The Terecita was chartered by a Californian, and Capt. Conolly was general agent for the ship. He assumed a substantial personal responsibility in committing the ship to a salvage mission, even with only moderate danger. He may well be accountable to the absentee charterer for part of what he realizes from the salvage operation, since there is authority for the charterer to share in a salvage award. Norris, supra, at § 54. His award should be sufficient to make allowance for all these factors.

 Finally, respondent asserts that any salvage claim was released when the captain was paid for services rendered after the rescue. Capt. Conolly performed services for the Karina between November 12 and November 18. The bill for these services is reproduced in full in the margin.* The document is clearly intended to preserve a salvage claim by carefully noting that all services commenced at 1:00 a.m. on November 12, just after the Karina's engines started. Upon consideration of all the factors described above, I have determined that the following amounts are fair and in accordance with the law's policy of encouraging the rescue of ships: E. K. Thompson, Jr. $ 600 The five other members of the crew, $500 each 2,500 Captain Conolly 3,200 The total award will be $6,300.

 The demand in the libel, for awards totaling $850,000, is so excessive as to shock even a court that has observed many cases where plaintiff's attorneys put the ad damnum at more than ten times what they really expect to establish. In a mechanic's lien action, a much smaller degree of exaggeration would forfeit the lien completely. N.Y. Lien Law, McKinney's Consol. Laws. c. 33, § 7. The court in this case attributes the fault to counsel who verified the libel. Although the captain and two of the crew were in court at the trial, respondent did not seek to pin responsibility for the exaggeration on the libellants. Therefore, the exaggeration should not affect the basic award.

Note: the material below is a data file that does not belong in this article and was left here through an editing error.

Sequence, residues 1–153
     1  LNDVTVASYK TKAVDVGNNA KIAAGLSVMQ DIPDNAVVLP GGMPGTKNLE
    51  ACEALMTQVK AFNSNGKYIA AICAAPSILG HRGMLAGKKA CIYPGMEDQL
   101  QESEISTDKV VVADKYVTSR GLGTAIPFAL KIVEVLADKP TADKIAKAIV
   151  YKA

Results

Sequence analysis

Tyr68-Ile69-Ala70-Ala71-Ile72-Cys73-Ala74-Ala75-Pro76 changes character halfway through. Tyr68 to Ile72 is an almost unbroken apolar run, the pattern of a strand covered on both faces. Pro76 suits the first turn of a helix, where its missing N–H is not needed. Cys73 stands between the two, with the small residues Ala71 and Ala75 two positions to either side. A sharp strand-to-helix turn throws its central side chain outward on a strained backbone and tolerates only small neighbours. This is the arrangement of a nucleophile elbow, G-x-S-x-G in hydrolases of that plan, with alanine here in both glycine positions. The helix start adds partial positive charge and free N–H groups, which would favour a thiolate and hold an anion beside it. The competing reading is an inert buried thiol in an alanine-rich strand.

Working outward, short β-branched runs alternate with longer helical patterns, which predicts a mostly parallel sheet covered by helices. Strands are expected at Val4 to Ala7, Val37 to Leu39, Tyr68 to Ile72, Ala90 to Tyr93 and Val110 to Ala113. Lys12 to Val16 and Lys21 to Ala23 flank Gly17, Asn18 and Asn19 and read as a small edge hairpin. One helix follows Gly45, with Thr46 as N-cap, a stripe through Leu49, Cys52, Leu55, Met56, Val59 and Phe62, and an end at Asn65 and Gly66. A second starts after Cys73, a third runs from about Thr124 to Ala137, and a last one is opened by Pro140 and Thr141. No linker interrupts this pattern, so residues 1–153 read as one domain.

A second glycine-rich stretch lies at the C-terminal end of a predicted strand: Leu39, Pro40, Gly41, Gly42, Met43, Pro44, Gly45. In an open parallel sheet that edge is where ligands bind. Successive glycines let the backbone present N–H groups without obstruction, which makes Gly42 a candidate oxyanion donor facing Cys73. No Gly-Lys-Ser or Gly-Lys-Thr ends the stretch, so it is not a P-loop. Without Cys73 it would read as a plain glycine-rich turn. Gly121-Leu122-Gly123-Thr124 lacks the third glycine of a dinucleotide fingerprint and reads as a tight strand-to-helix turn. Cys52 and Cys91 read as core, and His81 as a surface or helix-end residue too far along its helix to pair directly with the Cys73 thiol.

The findings and conclusions set forth herein are intended to constitute compliance with Rule 52(a) F.R.Civ.P.

 Judgment shall be settled on seven days notice, so that respondent may have an opportunity to present any material bearing on the allowance of interest and costs.


 Having determined in the original opinion and findings that the excessive demand in the libel should not affect the basic award, the court will allow interest on the award from the date of filing the libel. Kennedy v. Crane, 215 F. 897 (C.C.A.2d 1914). I do not construe Huasteca Petroleum Co. v. 27,907 Bags of Coffee, 60 F.2d 907 (C.C.A.2d 1934) as holding that interest must be awarded from any earlier date (cf. Norris, Salvage [1958 ed.] § 305).

 While an admiralty court has discretion to award counsel fees, this power should not be exercised in favor of the libellant except in cases in which the respondent has wilfully refused to recognize a valid claim. Vaughan v. Atkinson, 369 U.S. 527, 82 S. Ct. 997, 8 L. Ed. 2d 88 (1962); Cf. Wolf v. Cohen, 126 U.S.App.D.C. 423, 379 F.2d 477 (1967). Similarly, the conduct of the libellants here does not justify the imposition of attorneys' fees against them. Both claims are denied.

 The tender mentioned in respondent's papers not only gave less notice than required under F.R.Civ.P. 68, and omitted "costs then accrued," but is in fact less than the amount of the judgment including interest. For these reasons, and in the exercise of discretion, costs will be allowed. Expenses in connection with the attendance of parties at the trial are not taxable as costs.

 Judgment has been signed, and costs will be entered by the Clerk.